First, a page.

In introducing a new pay system it is important that we recognise and value the contribution of service personnel who work so hard to keep us safe both at home and abroad. This is not a cost-saving exercise, and there will be pay protection to ensure that no service personnel take a pay cut on transition to the new model. Pay reform is integral to work to modernise the overall offer to service personnel and will sit alongside initiatives such as forces Help to Buy, the tenancy deposit loan scheme, the introduction of flexible working options, and of employment support to service spouses.

Rank will continue to be the main determinant of pay and incremental progression will remain a key feature of the new system, though it will be rationalised for both officers and other ranks—up to warrant officer level.

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For other ranks where we require a breadth of trades there will also be four pay supplements which will better differentiate pay across the trades, removing the illogical characteristics of the current system. It will substantially reduce the number of pay journeys from potentially 128 different journeys to just four, with an associated reduction in administrative overheads. Crucially for service personnel this will provide a pay system that will be easier to understand and allow individuals to more accurately predict their future pay.


Future Reserves 2020

The Secretary of State for Defence (Michael Fallon): I have today placed in the Library of the House a copy of a letter that I have sent to Lieutenant General (Retired) Brims, the chair of the Future Reserves 2020 external scrutiny team, to update him on the programme, and particularly on the recommendations that his team’s report made. I am grateful for their work.


Home Department

Disclosure and Barring Service

The Parliamentary Under-Secretary of State for the Home Department (Karen Bradley): PricewaterhouseCoopers’ report on the second and final phase of its review of the Disclosure and Barring Service (DBS) will be published today and will be available at: https://www.gov.uk.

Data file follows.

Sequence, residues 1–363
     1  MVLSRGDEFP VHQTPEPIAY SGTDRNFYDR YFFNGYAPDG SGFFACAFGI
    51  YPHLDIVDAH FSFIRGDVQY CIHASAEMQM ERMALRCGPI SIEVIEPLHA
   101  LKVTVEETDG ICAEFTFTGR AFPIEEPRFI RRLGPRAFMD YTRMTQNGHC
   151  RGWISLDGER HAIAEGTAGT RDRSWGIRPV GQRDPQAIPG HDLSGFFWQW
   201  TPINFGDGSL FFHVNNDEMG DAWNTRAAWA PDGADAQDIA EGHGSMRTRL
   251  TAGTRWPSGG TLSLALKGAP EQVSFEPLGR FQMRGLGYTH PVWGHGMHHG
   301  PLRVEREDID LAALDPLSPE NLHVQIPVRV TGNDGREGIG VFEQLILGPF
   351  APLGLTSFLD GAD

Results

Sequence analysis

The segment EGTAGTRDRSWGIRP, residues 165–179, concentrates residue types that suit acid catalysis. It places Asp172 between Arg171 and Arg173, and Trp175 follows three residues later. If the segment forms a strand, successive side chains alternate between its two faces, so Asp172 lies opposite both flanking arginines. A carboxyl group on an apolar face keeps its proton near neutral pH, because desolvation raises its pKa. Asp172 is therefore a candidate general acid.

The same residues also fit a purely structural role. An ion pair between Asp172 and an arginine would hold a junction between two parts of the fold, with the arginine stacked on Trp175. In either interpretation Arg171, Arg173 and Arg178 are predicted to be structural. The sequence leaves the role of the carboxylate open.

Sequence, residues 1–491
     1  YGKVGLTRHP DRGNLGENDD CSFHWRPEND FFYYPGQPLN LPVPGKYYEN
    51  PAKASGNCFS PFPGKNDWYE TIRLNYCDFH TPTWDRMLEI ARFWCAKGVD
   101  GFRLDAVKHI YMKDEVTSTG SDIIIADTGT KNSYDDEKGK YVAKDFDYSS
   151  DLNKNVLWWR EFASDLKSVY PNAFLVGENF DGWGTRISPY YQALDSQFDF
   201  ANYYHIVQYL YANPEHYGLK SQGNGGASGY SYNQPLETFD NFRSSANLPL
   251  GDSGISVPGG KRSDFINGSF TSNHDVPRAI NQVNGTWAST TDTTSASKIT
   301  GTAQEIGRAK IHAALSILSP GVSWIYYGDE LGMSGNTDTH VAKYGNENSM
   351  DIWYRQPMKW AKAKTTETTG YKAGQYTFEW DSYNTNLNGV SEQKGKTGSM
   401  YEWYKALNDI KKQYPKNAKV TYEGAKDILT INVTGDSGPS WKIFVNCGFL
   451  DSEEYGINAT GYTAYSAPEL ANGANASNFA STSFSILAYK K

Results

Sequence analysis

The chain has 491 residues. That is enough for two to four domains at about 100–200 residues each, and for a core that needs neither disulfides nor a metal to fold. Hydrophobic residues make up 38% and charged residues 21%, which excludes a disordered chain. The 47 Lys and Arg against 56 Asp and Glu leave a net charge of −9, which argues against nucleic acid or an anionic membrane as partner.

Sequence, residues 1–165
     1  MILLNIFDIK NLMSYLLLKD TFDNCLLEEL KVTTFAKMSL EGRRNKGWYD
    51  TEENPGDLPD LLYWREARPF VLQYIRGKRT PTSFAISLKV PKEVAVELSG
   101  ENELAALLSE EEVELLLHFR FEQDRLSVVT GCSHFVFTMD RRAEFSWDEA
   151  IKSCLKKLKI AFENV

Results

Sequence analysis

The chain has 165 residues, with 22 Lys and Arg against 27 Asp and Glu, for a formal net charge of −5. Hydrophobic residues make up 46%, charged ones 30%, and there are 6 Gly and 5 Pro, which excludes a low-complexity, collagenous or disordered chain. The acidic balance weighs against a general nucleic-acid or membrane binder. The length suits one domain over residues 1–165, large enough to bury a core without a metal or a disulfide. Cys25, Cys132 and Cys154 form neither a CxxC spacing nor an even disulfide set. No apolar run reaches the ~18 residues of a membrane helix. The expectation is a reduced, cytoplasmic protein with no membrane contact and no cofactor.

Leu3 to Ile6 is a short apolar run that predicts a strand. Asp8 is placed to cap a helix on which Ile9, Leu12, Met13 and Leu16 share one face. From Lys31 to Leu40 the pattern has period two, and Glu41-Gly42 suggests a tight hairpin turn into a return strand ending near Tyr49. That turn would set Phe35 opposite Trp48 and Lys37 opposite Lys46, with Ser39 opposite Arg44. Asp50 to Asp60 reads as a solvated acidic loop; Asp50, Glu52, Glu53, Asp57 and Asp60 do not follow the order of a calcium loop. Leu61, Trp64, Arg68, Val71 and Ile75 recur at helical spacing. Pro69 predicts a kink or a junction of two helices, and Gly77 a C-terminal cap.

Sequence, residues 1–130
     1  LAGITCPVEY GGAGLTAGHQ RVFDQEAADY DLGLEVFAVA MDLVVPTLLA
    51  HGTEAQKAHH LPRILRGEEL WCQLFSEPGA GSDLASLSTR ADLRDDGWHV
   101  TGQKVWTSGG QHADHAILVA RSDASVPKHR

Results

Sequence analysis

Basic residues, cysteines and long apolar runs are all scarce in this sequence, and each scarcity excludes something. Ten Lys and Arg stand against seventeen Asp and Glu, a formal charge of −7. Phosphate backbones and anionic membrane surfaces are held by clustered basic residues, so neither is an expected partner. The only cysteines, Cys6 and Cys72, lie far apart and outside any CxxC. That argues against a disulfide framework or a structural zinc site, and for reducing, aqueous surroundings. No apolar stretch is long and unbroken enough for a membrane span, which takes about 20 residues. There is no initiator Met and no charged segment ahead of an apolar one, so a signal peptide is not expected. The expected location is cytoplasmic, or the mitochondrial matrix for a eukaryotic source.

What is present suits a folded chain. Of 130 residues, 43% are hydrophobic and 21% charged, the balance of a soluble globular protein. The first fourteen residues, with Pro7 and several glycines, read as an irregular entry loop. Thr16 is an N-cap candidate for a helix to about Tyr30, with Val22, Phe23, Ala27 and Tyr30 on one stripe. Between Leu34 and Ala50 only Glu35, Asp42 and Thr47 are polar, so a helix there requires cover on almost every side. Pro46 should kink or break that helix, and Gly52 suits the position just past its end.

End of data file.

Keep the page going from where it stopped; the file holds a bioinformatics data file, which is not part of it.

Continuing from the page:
The review examined DBS’s data retention policy, its application within the organisation and the teams responsible for its implementation. Its findings do not raise any safeguarding risks to children or vulnerable adults. The DBS is addressing the four recommendations proposed. It has also set out its plans within the report.

A copy of the report will be placed in the Library of the House.


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Prison and Probation Inspectorate

The Lord Chancellor and Secretary of State for Justice (Michael Gove): I am pleased to announce that Peter Clarke has been appointed as Her Majesty’s chief inspector of prisons for three years, commencing 1 February 2016, and Dame Glenys Stacey has been appointed as Her Majesty’s chief inspector of probation for three years, commencing 1 March 2016.

Peter Clarke is a retired senior police officer, who served in the Metropolitan Police Service for more than 30 years. He rose to the rank of assistant commissioner and also served as head of the anti-terrorist branch and national co-ordinator of terrorist investigations. In 2014 he was appointed education commissioner for Birmingham, to conduct an inquiry into the allegations concerning Birmingham schools arising from the “Trojan Horse” letter. Peter also served on the board of the Charity Commission until January 2016.

Dame Glenys Stacey is currently the chief executive of Ofqual, the exams regulator in England. She is a solicitor by profession and has 17 years’ experience leading public sector organisations, having previously served as CEO of Standards for England, Animal Health, the Greater Manchester Magistrates’ Court Committee and the Criminal Cases Review Commission. In August 2015 she announced her intention to leave Ofqual when her current term finishes at the end of February 2016.

These appointments have been made after a recruitment process for these posts which followed the Commissioner for Public Appointments’ code of practice. Both roles were advertised online and candidates were then assessed against the criteria for the posts. An independent selection panel produced a shortlist of candidates deemed appointable. As required under the rules, I then selected my preferred candidates from that shortlist. Peter Clarke and Dame Glenys Stacey appeared before the Justice Select Committee, which concluded both were appointable to the roles of HM chief inspector of prisons and HM chief inspector of probation respectively.

Both appointments are subject to security clearance.